I left home bright and early aiming to be at the West Herts at midday.  Unfortunately, a signalling problem at West Drayton meant that the train that I had planned to catch from Slough was cancelled and I ended up on a train that had made an unscheduled stop due to congestion and kindly opened its doors to let the stranded passengers on.  It was slow progress and I finally arrived in the West Herts nearly three hours after leaving home and just in time to see Don leaving for the ground.

Most of our usual crowd were gathered at ‘our’ table with the addition of Jacque’s colleague, Adam, who is a Villa fan and was not relishing the prospect of the game, while the Watford contingent were fired up with some newfound optimism after the last couple of results.

The decision about what to have for lunch is usually quite simple but, on this occasion, I was in the horns of a dilemma.  I do love the jerk chicken but, for some reason, I had ordered sausage and chips before the Man United game, so that now qualified as the lucky lunch and had to be my order.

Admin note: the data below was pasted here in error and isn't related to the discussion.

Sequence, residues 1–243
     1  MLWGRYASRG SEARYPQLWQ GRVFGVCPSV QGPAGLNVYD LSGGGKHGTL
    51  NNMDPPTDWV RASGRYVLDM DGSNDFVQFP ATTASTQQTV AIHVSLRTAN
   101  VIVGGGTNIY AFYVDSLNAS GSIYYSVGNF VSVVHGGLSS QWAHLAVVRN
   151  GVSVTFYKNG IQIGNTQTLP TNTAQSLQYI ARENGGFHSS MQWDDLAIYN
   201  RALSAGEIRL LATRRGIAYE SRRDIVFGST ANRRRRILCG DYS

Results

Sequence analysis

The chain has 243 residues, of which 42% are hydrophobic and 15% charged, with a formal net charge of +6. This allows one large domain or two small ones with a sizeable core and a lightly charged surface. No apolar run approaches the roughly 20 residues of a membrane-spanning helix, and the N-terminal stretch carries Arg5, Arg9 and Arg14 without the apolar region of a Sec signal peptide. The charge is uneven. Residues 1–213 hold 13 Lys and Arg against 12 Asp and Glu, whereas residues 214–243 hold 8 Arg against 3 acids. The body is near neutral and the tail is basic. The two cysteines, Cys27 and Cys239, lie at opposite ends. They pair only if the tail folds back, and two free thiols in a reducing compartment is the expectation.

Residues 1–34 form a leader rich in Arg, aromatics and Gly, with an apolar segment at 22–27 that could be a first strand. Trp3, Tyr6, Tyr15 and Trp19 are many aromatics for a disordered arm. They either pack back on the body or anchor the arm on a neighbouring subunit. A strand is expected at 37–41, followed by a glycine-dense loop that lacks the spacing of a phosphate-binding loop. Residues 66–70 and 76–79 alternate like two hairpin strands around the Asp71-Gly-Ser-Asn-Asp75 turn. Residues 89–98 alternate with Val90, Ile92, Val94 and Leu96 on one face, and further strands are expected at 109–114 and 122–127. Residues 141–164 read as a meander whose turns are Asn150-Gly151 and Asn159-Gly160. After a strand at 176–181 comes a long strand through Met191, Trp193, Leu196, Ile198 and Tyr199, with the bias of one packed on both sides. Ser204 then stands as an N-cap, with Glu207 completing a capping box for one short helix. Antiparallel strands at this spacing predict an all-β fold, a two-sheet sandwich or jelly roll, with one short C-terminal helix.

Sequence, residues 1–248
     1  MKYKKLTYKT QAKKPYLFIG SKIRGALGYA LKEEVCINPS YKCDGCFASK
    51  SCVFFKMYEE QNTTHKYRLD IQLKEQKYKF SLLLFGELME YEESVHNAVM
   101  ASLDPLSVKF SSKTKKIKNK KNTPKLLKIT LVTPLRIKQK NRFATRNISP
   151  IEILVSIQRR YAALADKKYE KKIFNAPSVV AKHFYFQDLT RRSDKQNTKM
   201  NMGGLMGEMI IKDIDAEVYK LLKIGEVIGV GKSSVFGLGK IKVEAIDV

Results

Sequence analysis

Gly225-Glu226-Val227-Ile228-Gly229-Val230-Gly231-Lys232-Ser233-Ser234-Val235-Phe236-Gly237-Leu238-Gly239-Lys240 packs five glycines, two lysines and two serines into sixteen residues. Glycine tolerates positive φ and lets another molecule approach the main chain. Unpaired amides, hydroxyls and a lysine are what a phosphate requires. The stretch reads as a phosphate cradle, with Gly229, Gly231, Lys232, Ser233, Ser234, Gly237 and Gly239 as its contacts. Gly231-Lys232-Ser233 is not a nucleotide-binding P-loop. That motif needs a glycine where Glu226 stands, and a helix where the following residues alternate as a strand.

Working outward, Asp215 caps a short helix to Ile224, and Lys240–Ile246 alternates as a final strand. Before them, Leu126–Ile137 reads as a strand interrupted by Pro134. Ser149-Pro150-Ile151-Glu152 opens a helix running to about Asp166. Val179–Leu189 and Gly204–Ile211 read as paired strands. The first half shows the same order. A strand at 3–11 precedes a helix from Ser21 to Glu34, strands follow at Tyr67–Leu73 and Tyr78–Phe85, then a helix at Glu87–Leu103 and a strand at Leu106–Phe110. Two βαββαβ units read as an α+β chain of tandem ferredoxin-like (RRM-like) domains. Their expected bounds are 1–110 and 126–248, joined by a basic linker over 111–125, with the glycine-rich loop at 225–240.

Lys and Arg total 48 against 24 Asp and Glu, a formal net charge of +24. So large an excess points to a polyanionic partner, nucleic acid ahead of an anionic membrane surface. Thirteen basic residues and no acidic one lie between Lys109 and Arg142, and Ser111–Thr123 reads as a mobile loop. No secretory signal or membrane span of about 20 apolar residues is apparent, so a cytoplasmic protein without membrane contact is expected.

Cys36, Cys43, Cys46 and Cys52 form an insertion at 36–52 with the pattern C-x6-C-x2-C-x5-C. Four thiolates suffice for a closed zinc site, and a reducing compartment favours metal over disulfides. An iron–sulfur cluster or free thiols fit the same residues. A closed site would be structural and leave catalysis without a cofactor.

Capoue barking instructions

My sister had been unable to buy a ticket for the game, having left it late before finding that it was (surprisingly) sold out.  Luckily a friend wasn’t using hers and kindly offered to lend it to her.  We had arranged to meet Pete outside the Red Lion to pick up the spare ticket and I had handed my ticket to my sister so that she could sit with her daughter, so I left the West Herts not having a ticket for the game on my person, which induced a ridiculous mini panic until I spotted Pete and had Julie’s ticket in my hands (thank you, Julie).

Team news was that Pearson had made only one change with Chalobah making way for Doucouré on his return from suspension.  So, the starting line-up was Foster; Femenía, Cathcart, Kabasele, Mariappa; Capoue, Hughes; Deulofeu, Doucouré, Sarr; Deeney.